OPINION: Good ole boys a scapegoat for tough times

good ole boys
Photo by Shannon Pifko

Jen Austin is the founder and Editor-in-Chief  of St. George News. She is a talk radio host on the Perspectives Morning Show with Bryan Hyde on Fox News Radio 1450 AM each weekday morning. The opinions stated in this article are solely hers and not those of St. George News.

I once had a listener call in to the show and, to summarize, tell me “Don’t move to Southern Utah if you are just going to complain about it.” I was on our Fox News talk show expressing my frustration that July 24th is celebrated more grandly here than July 4th.

The caller seemed upset, not so much with my views on the holidays but that I had moved to Southern Utah only to complain about it. I see his point of view. I’ve seen this sentiment shared through the county in various other areas, as well. People being told, “If you don’t like it, get out.”

But haven’t we all felt that way before? When someone complains that Utah should have stricter gun laws, I find myself thinking, “Don’t try to change it. Move to California.” When someone complains about the marriage laws, I think, “Then move to New York.”

I moved to Utah, and especially Southern Utah, because it’s the greatest place in the world. (I said that on the radio and had a guy accuse me of being naïve, and too “small town” with no real experience in the world. He’s from Las Vegas. A place I would never raise my children.)

I’m not from Southern Utah, but I am proud to call it home. As a prior military member, I have traveled and lived in more states than most people. I spent a couple years trying to get rid of the “hick” accent I picked up while living in both Texas and Arkansas. I’ve lived in Virginia and attended the inauguration of President Barak Obama. I’ve lived in Portland and cities bigger than our entire county.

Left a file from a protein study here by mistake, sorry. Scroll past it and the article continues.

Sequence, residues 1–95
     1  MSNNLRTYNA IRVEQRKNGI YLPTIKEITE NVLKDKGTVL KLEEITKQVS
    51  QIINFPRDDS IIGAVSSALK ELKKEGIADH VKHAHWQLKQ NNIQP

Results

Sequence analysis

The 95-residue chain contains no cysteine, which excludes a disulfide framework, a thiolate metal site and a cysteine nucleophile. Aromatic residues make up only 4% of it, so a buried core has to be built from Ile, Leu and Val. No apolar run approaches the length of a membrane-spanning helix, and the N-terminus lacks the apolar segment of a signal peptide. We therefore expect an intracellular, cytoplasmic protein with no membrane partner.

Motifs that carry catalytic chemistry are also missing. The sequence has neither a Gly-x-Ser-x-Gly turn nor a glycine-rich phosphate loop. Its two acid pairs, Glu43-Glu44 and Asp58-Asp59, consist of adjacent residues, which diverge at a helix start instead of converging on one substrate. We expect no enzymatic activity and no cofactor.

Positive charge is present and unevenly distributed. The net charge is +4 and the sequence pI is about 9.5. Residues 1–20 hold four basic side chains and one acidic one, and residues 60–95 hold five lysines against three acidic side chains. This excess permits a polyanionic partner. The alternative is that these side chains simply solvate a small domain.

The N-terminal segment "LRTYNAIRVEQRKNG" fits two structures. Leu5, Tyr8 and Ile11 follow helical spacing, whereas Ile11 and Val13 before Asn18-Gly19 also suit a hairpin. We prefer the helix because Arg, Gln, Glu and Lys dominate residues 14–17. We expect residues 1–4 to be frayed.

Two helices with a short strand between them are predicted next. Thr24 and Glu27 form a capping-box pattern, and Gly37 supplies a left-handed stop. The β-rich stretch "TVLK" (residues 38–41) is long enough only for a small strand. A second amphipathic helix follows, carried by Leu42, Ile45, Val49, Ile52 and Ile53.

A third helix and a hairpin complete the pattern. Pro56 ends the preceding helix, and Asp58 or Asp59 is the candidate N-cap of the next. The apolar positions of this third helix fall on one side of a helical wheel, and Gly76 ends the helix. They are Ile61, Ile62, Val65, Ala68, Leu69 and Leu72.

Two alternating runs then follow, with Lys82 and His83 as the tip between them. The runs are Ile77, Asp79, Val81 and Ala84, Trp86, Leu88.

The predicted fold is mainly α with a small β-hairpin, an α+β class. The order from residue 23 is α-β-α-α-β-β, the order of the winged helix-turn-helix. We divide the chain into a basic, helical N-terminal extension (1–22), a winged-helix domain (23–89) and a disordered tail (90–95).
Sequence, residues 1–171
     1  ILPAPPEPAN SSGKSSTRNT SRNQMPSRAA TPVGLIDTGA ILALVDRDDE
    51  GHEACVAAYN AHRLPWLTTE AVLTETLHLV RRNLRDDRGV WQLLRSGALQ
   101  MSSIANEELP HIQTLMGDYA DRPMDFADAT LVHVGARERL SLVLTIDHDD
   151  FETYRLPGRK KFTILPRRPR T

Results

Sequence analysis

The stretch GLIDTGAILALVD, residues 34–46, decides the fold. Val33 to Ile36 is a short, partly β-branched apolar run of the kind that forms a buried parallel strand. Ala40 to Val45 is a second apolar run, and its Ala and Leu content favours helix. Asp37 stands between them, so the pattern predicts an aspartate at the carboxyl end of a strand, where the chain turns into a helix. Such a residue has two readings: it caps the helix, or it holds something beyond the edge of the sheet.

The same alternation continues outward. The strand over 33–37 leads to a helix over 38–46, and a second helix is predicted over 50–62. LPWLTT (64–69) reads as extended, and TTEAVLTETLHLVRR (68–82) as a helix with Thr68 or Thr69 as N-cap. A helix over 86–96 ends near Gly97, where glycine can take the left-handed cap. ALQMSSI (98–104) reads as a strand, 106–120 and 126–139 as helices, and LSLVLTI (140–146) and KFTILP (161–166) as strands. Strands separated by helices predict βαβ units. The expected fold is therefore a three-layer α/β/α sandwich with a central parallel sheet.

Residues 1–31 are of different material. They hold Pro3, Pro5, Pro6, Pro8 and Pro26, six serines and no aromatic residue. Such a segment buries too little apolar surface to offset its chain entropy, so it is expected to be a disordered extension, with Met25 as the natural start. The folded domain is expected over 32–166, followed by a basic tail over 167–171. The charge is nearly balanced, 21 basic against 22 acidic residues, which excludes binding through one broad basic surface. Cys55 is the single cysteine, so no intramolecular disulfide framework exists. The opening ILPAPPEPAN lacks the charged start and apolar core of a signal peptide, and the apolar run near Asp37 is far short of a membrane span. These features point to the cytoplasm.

I’ve met people of all different cultures and lifestyles and, as I’ve said before, lived in many places where being naïve was simply not an option. I have members of my family who are from a number of different countries and became U.S. citizens because they love America.

And with all that experience, I chose to live in Washington County because it is the best place to call home and raise my children. I know it’s not perfect. I think the City of St. George needs to loosen its regulations on small businesses and I don’t believe they have the right to inject religious beliefs into the city code (such as the dance ordinance which states dancing will not be held on Sundays).

That being said, I completely agree with things that boost the city, such as the carousel – which was paid for in a special fund by those who pay taxes in the downtown area. My kids love the carousel and I think those things are a good addition to the city. I wouldn’t mind if it was privatized either; I just don’t see the big deal either way.

I grew up in a “small town” like St. George. As kids, we rode our bikes on the street and we played with everyone in the neighborhood without a second thought. I was a non-Mormon in a very LDS town and there were times when I had to face the “I can’t play with you because you are not Mormon.” I remember my father being very angry and wishing for more diversity in our little town.

He got his wish.